Monday, September 21, 2009

Unnecessary Roughness

Governor David Paterson is pissed. Who can blame him?

Okay, he's not especially popular at the moment. He never was. Trying to act responsibly — shutting down underutilized hospitals and nursing homes — was a major political mistake, and the attack ads from 1199 did a lot of damage. Add to that the fact that he was stuck with a totally unfair share of the blame for New York's sleazy and dysfunctional legislative branch, and that he's not exactly a dynamo of charisma, and it was bound to look bad for him.

So it is not surprising that Obama's political staff decided it would be better if he didn't run for governor next time around. Personally, I don't think Giuliani is much of a threat anymore — he kind of has "loser" tattooed on his forehead — but it wouldn't hurt at all to have a stronger Democratic candidate like Andrew Cuomo.

Okay, so the national party sends an emissary to urge Paterson to withdraw. Fine. The problem is in how it was done.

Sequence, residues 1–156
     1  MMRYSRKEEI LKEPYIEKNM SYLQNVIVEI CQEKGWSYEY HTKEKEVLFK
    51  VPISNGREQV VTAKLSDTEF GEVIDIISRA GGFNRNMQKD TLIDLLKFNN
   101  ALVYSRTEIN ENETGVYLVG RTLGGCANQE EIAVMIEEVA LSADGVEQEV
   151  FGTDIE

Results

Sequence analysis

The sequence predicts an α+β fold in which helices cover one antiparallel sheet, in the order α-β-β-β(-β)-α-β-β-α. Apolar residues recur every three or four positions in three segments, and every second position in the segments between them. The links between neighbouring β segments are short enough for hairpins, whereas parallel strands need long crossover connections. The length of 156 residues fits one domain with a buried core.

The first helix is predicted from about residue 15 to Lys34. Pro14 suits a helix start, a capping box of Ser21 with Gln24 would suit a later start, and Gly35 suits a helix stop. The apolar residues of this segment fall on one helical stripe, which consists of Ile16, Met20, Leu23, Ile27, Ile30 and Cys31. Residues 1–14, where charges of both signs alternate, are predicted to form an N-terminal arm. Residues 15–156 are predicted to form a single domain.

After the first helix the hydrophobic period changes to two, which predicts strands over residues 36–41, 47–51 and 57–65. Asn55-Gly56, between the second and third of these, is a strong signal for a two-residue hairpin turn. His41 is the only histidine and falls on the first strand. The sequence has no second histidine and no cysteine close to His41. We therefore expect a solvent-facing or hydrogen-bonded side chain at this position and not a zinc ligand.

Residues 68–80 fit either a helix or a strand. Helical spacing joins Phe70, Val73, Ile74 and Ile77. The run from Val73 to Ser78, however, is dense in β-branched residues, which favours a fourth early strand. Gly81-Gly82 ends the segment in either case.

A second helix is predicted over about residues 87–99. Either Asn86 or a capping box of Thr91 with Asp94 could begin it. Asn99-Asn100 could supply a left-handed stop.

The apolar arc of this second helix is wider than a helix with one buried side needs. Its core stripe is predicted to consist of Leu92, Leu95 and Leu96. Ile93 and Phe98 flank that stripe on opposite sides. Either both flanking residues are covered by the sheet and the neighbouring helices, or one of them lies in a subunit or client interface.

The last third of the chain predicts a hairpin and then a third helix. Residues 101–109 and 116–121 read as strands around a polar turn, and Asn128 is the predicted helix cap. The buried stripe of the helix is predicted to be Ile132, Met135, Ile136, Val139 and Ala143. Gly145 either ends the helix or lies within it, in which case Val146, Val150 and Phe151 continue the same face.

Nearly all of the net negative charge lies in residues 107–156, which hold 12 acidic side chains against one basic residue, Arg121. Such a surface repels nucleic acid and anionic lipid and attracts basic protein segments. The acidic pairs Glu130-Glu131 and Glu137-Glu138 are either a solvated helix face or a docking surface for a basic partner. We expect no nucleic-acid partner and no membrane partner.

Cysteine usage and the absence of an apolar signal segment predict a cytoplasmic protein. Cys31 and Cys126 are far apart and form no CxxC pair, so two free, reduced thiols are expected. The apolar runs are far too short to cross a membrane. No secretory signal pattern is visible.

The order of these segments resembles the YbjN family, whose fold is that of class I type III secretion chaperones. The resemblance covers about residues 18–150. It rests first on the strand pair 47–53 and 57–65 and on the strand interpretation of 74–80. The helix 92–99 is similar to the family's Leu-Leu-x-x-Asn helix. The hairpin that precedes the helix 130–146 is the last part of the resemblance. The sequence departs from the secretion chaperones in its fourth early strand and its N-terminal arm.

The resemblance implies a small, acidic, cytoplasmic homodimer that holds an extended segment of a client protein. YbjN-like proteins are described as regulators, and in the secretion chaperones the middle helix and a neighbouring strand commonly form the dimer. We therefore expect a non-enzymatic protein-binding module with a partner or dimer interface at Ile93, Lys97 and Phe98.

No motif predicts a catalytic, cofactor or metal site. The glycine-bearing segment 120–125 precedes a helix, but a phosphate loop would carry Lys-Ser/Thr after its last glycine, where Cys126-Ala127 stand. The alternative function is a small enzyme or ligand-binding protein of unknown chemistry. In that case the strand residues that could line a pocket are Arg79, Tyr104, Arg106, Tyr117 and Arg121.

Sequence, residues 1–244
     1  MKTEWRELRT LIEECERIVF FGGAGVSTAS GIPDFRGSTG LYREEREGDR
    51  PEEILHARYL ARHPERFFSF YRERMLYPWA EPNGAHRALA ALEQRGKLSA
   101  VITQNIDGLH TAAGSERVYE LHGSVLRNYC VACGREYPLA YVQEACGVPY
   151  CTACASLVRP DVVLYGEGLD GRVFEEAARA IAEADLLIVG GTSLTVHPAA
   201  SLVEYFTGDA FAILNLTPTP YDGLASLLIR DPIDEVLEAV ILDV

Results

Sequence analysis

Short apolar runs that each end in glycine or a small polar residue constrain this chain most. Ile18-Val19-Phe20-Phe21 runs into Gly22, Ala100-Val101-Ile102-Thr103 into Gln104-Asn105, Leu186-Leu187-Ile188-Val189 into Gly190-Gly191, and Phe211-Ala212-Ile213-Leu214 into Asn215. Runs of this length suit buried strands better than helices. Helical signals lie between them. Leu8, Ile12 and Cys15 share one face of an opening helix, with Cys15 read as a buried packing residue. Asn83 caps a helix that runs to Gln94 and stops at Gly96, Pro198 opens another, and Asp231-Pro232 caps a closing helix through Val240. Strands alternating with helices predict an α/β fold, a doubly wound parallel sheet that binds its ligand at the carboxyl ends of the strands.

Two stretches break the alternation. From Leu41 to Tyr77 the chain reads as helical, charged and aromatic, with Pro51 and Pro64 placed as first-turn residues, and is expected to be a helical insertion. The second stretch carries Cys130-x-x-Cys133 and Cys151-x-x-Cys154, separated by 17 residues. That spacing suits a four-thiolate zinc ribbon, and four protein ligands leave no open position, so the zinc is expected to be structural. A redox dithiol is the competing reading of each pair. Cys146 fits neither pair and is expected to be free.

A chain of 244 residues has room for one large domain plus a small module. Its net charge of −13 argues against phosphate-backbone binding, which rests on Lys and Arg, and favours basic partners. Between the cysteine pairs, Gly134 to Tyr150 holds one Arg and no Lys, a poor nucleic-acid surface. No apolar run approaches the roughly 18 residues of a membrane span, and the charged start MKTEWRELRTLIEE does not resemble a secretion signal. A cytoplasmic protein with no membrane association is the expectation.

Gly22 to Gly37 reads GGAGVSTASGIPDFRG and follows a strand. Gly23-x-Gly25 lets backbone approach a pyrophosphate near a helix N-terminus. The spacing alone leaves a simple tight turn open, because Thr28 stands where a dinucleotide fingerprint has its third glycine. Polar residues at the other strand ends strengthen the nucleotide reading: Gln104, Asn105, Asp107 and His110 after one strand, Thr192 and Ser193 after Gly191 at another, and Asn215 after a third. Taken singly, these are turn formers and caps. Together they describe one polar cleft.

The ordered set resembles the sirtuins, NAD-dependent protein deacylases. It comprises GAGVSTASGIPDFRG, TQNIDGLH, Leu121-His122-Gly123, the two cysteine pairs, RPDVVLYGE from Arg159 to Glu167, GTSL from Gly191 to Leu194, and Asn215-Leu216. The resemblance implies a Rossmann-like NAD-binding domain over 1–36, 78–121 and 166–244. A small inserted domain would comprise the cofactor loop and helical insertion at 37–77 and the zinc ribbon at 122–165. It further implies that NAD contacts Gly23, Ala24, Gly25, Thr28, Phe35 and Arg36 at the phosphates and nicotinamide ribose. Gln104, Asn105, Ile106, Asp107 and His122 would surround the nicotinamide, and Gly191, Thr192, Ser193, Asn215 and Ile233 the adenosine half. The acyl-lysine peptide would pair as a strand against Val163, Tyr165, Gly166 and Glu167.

First, it was just plain bad manners not to invite the governor of New York to Obama's speech to Wall Street last week. Second, it was worse that, simultaneously, the President's chief political adviser, Patrick Gaspard, was telling Paterson to pull out of the race. Third, it should not have been Gaspard, the man behind those 1199 attack ads.

Then it gets worse: practically the complete text of the "confidential" conference is leaked to the press, almost immediately, by an "unnamed source" whose name probably is Patrick Gaspard. Obama not only yanked Paterson's legs out from under him, but he pissed on him when he was down. I truly hope the idiots still drooling over our "idealistic young president" are paying attention, but I'm pretty sure they're not.

Paterson could have been persuaded to withdraw gracefully. They could have offered him some ceremonial role at HUD, or made him ambassador to Anguilla, or something. They didn't.

However lacking David Paterson's skills as a chief executive may be, everybody in Albany agrees on one thing about him — he's a nice guy.

He deserved better.

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